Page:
In the Pure Land of Amitabha, Amida Buddha, all the beings are either shravakas or bodhisattvas.

Shravaka – the word literally means a listener or a hearer – shravakas are those who hear the Buddha, who hear the Buddha’s call and who are deeply touched, delighted and just want to go on hearing the Buddha’s call. The word is often translated as disciples. The shravakas are those who are quite content to be practitioners of the faith. Members of Amida Shu are shravakas. They will go to the Pure Land.

Bodhisattvas are those who hear the Buddha’s call and are inspired by it to go forth and help and save other beings.

So, these two, shravakas and bodhisattvas, are the two principle ways of practicing Buddhism.

I’ll say a little bit more about bodhisattvas. The idea of a bodhisattva: bodhi means the right vision, the enlightened vision. So, in this sense you can say the bodhisattva is somebody who is inspired by the vision. Sattva means a being, but a being especially in the sense of the spirit of a person. So, these are spirited people - people of courage, people of faith - who are inspired by the vision given by the Buddha; and they want to give it away, they want to give it to others.

Bodhisattvas are inevitably on the path to becoming Buddhas themselves. It may take a long time, many lifetimes, but because the seed of faith has been planted, it will grow and grow and it will spread its roots and it will send up shoots, it will gradually take over their life.

Because the bodhisattva has a basically altruistic attitude, they become eloquent, they become skilled in conveying the Dharma in ways that are adapted to the people that they minister to.

Bodhisattvas have great versatility. In the Guide to the Bodhisattva’s Way of Life by Shantideva he talks about how a bodhisattva is willing to be anything, to be whatever, whatever a person needs, “I’ll be that for them,” he says; and in this sense it means what they need in order to progress on the spiritual path, in order to find and deepen their faith.

Bodhisattvas serve innumerable Buddhas. There are Buddhas everywhere and bodhisattvas serve them. Bodhisattvas help all those who are intent on fulfilling the Buddha’s intention. So, they are great assistance to those who teach the Dharma, to the Buddhas in all worlds. This is the offering that they make.

It is said that bodhisattvas have reached the other shore. The other shore, pâramitâ, is a turnaround, a turnaround of attitude. We can have simple generosity (dāna) or we can have dāna pâramitâ. Dāna pâramitâ is the generosity of the bodhisattva. It is the Generosity of a point of view of a person who is not making merit for themselves, but is simply immersed in the Buddha’s way to such an extent that generosity is completely natural to them. They have a sense that there is no giver and no gift because it’s just completely natural. This is pâramitâ.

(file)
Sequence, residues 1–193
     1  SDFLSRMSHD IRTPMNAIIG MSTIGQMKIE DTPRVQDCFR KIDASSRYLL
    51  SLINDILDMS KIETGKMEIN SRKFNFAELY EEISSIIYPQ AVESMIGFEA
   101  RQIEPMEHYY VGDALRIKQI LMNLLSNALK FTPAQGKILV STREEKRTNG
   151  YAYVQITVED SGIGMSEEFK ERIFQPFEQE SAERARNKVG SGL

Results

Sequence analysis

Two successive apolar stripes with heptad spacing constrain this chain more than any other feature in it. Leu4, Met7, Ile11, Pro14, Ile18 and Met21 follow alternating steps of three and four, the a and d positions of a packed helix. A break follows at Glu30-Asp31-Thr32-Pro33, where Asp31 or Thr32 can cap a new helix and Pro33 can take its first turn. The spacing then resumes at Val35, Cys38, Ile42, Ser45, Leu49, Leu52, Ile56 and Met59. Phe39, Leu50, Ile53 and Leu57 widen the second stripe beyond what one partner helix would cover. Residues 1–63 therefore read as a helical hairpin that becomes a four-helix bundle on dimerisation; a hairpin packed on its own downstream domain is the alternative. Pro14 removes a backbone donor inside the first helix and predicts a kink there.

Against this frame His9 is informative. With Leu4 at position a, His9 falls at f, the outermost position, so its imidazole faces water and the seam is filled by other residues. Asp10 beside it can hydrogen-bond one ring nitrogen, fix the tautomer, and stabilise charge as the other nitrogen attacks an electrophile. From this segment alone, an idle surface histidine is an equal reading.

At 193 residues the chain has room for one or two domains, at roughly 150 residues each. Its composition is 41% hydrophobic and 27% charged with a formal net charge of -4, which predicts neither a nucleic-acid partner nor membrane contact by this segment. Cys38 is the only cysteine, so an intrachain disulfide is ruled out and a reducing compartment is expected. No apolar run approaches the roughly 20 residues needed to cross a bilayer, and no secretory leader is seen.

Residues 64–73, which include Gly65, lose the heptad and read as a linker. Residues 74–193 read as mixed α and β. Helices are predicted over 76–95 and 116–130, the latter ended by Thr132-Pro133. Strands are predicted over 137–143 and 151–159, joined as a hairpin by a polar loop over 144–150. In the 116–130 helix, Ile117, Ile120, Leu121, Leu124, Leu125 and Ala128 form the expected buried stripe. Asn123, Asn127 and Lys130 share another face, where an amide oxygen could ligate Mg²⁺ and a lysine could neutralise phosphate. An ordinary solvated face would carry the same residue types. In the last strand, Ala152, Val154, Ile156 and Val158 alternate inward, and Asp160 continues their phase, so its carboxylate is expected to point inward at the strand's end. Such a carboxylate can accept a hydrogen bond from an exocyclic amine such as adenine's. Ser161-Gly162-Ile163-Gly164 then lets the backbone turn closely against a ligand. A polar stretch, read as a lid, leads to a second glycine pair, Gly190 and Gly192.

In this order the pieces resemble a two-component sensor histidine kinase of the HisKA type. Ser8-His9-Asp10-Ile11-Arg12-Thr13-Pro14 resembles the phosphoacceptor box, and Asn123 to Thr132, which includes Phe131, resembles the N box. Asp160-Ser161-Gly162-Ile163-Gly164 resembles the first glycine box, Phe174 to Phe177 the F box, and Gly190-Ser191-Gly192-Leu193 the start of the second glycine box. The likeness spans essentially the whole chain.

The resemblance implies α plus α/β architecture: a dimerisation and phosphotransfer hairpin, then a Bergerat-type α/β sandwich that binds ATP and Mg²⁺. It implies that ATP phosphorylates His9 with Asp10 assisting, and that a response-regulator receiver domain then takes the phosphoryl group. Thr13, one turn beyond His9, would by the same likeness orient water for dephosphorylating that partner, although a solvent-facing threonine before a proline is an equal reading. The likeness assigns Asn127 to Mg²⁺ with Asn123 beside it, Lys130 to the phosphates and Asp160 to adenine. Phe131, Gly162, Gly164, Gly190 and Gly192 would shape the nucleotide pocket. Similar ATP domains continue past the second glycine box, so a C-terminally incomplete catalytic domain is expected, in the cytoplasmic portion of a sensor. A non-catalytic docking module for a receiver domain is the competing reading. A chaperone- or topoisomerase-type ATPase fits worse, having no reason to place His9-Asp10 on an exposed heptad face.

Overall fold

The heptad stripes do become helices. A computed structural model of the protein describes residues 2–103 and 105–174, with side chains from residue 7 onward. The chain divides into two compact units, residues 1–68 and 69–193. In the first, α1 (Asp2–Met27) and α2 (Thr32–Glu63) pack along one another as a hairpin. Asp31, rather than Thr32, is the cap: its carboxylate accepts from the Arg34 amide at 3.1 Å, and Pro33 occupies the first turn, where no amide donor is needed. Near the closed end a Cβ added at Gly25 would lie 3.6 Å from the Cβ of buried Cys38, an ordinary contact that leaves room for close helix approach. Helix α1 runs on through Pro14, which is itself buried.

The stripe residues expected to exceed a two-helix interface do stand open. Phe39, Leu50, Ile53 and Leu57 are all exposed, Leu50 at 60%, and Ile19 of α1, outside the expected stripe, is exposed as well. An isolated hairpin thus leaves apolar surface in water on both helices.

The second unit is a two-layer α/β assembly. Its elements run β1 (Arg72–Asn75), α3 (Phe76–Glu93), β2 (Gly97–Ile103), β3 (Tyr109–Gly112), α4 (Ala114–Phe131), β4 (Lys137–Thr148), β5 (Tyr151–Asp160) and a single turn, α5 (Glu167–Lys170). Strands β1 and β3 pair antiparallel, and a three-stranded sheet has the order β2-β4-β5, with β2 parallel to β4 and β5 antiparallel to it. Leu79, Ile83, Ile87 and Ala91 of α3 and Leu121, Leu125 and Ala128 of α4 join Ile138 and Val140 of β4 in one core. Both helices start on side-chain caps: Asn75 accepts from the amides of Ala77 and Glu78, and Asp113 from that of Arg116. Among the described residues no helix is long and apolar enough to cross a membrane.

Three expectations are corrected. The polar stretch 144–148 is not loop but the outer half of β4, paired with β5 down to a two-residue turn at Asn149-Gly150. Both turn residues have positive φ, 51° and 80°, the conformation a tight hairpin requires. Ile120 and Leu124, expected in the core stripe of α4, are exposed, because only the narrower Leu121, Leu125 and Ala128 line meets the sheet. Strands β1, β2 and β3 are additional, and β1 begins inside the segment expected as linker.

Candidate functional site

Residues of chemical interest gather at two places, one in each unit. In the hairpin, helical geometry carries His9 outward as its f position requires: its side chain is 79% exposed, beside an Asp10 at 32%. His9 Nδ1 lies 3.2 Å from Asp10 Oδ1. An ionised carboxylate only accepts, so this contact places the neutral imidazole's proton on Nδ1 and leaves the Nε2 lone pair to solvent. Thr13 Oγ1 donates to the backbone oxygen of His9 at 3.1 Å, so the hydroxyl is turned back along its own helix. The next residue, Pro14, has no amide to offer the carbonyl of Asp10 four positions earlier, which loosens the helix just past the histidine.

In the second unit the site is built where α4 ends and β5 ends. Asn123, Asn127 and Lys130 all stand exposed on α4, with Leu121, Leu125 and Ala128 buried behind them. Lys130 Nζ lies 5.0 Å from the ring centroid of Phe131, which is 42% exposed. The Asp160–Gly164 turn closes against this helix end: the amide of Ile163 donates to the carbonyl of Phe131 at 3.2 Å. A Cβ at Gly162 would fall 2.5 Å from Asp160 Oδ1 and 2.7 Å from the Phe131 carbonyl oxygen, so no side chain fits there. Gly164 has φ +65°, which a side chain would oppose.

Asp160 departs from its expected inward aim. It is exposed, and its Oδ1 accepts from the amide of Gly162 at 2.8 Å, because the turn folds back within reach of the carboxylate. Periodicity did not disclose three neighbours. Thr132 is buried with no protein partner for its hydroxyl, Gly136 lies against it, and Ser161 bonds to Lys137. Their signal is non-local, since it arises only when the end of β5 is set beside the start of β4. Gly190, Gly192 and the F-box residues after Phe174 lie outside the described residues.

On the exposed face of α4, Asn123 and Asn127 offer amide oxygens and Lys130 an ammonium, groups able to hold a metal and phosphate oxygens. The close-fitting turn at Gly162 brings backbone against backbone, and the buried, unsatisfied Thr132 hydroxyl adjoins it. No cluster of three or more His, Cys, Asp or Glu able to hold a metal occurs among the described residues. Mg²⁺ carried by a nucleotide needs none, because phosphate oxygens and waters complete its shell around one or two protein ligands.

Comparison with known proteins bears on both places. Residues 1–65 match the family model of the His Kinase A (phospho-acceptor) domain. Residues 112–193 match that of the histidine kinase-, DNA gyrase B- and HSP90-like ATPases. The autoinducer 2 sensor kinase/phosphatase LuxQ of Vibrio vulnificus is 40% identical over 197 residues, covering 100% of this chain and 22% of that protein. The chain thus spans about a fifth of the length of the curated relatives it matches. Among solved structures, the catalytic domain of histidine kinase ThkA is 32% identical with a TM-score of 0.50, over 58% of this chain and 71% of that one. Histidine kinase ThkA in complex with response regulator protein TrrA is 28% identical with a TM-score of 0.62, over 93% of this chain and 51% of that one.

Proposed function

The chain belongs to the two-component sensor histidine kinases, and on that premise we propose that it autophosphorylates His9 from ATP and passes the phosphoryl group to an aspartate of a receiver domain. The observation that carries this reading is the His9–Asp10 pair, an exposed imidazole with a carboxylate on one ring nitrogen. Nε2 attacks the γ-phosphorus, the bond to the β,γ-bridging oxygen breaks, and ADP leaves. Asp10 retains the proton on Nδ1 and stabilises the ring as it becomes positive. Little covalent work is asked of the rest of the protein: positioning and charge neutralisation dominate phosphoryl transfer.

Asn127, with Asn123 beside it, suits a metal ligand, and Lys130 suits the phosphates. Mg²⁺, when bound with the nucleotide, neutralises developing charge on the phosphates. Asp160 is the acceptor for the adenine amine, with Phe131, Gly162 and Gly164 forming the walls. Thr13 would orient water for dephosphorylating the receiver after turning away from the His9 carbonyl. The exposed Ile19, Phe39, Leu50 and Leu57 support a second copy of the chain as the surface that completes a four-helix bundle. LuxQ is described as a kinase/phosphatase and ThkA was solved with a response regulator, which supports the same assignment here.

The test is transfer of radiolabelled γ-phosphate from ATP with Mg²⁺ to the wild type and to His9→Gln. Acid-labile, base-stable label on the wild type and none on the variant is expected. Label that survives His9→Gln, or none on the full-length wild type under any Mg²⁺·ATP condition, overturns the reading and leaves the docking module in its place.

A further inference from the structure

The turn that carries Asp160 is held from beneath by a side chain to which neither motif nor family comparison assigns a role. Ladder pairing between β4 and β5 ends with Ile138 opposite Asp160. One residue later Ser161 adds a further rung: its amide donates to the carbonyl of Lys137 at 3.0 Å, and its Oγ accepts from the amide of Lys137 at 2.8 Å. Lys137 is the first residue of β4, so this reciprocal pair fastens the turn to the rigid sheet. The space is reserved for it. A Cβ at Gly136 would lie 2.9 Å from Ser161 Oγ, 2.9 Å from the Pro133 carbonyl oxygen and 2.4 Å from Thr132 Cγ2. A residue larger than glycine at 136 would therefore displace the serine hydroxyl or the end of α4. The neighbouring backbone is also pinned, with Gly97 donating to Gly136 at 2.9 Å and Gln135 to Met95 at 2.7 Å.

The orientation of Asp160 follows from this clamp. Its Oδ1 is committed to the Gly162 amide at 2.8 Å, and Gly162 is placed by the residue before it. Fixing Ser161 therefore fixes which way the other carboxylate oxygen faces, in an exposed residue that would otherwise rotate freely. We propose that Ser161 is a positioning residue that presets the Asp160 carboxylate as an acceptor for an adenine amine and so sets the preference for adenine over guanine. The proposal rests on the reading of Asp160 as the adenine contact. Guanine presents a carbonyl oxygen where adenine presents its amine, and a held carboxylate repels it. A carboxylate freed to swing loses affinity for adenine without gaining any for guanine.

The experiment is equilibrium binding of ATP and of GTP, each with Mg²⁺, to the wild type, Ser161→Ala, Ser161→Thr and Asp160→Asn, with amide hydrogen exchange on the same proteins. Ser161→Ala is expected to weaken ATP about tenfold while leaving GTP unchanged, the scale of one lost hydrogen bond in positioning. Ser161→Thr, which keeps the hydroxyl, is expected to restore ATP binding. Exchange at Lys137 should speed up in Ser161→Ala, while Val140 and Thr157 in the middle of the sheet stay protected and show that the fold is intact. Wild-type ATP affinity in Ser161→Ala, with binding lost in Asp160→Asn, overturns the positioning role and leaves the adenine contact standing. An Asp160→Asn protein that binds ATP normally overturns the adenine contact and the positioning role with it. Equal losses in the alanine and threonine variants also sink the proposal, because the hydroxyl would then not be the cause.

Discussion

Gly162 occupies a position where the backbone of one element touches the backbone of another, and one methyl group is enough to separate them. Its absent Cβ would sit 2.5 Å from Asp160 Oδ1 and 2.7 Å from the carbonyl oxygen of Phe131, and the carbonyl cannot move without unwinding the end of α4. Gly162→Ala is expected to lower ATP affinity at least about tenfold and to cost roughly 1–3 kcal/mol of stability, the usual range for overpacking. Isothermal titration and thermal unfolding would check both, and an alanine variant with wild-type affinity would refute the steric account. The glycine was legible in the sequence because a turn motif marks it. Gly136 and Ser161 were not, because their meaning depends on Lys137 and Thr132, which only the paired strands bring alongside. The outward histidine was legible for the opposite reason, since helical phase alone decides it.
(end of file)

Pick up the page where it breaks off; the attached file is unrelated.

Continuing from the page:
So, shravakas and bodhisattvas go to the Pure Land.

Namo Amida Bu
Thank you very much



In our zoom meeting yesterday, Iris gave us a talk about the work of Ahangamage Tudor Aryaratne who I think of as one kind of bodhisattva.  More information about the Sarvodaya Movement:

Recently we had a talk from Yaya de Andrade who has also done much bodhisattva work in various parts of the world.

The video of Yaya de Andrade can now be accessed via my web site at



The Sarvodaya Shramedana Movement in Sri Lanka was founded by Aryaratne (b.1931).

The founding principle was, following the Buddhist view of karma, that one should reap the results of one’s actions, not be trapped by one’s birth position.  The whole movement has therefore been about positive and constructive action, especially with a view to emancipating the outcaste and low caste people and to fostering inter-religious harmony in communities.

This has led to many initiatives:

  • Peacemaking - as a bottom up process that requires constant effort
  • Non-separation - projects to get people to study each other’s languages
  • Micro-financing - to develop small scale craft work
  • Education - to build a sense of mutual respect and non-violence
  • Work projects - to fulfil basic needs - education, food, housing

There is here a belief that fulfilling basic needs will eliminate conflict.

The theory of bottom-up peacemaking rests on the idea of three “circles”

- 1st Circle:  Transformation of the individual.  Stress on Buddhist ethics.  Right speech. Non violence. Abstinence from intoxicants. etc.  The main principle here is non-attachment.

- 2nd Circle: Transformation of the family. Empowerment of women.  Avoidance of alcohol.  Ending domestic violence.  Main principle: selflessness.

- 3rd Circle: Transformation of community.  Working in the villages, first to live with and learn from the local people and then to gradually introduce small schemes of improvement that may spread. Also, to encourage inter-faith services and inter-communal activities and co-operation. To obtain a collective commitment to practical community development.

Two examples:

- Developing home gardening for food production with a surplus that can be taken to market.  This also helps to empower women who take the lead in local horticulture. 

- "Generation to generation project": exchange of skills between grandparents and adolescents.  The elders pass on their craft skills and the youngsters teach computer skills

Aryaratne’s take on the Brahma Viharas

Metta Kindly & respectful thought Dana
Karuna Constructive action Right speech/action
Mudita Happy outcomes Right livelihood
Upeksha       Non-possessiveness about results      Honouring everybody     

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